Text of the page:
As Edward Champion and the Literary Saloon have already noted, Sam Tanenhaus makes a buffoon out of himself in an interview in Queens College Knightly News. In response to the question of whether he reads lit blogs, Tanenhaus says: “No, I don’t. I don’t really have time. Other people here do and they’ll tell me about them. I never read blogs.” Then he proceeds to offer a number of detailed criticisms of them, some of them less detailed than huge (and erroneous) generalizations. Try this: “I don’t find they write about authors and have that many interesting things to say about literature.” Who exactly is Tanenhaus reading? I suppose the answer to that question would force him to reveal that actually he does read lit blogs, which, in his mind at least, would lower him to the proletariat level of bibliophiles, rather than staying on the lofty pinnacle of book elitists.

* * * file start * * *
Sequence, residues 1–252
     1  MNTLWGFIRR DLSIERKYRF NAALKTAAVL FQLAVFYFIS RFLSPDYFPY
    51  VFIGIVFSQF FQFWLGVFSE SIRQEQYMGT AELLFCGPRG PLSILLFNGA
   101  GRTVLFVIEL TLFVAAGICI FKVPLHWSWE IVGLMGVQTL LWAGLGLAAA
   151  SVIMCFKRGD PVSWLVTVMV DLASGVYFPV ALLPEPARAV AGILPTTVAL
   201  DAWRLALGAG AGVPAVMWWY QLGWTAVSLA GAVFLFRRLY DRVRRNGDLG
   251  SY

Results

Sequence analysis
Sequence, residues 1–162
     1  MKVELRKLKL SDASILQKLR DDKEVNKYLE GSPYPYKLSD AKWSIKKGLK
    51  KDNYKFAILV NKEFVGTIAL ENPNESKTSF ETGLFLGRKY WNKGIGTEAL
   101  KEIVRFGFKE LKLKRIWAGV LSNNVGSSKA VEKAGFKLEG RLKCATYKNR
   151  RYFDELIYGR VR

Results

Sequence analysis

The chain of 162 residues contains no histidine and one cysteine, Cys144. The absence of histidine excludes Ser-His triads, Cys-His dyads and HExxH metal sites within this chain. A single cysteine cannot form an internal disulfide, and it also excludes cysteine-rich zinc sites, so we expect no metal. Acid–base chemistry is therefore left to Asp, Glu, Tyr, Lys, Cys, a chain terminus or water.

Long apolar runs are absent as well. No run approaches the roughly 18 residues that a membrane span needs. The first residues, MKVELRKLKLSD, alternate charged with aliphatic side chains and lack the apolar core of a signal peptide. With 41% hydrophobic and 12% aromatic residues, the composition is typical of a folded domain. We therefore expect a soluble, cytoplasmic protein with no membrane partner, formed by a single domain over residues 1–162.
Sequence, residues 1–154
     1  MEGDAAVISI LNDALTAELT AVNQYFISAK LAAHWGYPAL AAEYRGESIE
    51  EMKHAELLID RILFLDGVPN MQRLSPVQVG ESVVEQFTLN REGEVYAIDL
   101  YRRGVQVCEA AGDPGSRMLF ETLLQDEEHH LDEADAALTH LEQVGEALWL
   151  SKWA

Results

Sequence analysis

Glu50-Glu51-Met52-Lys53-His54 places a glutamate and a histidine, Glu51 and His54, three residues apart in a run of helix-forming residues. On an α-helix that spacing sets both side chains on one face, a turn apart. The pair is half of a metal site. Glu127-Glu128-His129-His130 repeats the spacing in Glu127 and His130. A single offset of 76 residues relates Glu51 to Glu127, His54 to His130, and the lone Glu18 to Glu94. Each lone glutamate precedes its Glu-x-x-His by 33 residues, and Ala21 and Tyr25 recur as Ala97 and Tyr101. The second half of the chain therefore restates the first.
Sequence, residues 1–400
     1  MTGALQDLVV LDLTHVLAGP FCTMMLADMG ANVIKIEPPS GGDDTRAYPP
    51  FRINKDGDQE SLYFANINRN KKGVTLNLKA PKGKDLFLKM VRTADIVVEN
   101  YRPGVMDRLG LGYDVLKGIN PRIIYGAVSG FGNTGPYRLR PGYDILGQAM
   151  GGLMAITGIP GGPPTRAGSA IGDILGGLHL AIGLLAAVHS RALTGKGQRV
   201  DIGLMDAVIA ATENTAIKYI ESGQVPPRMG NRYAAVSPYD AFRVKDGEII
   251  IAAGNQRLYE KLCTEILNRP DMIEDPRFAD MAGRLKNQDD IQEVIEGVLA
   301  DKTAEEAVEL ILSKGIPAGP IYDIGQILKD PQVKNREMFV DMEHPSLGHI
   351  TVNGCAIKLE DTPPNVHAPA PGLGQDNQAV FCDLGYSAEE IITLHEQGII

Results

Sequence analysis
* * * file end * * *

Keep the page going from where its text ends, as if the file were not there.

Ultimately, this is a question of pride. In the Tanenhaus universe, there are tiers of talent: one for dilettantes who fuddle around on the Internet, one for reviewers cheap medications with moderate insight who might work at mid-level newspapers, and one for his coterie. He thinks that his publication and his reviewers are so much better than any who would deign to give their words away for free that he tries to downplay anyone who blogs. What this pride reveals is a great deal of self-consciousness and self-doubt. He’s so scared of the shift from centralized print to decentralized Internet that he (repeatedly) pretends that bloggers don’t exist, he doesn’t read them, they don’t say anything. He used this same tactic when I asked him this question during the Ask the Editor week at the NY Times: “Why do so many book bloggers seem to dislike you?” He replied, tongue nearly poking through his cheek, “They do?” By feigning ignorance of the criticisms against him and the NYTBR, Tanenhaus is playing the ostrich, head in the sand, pretending that his publication is the only one that exists or matters. Guess what? We’re not fooled, and our readership is on the rise.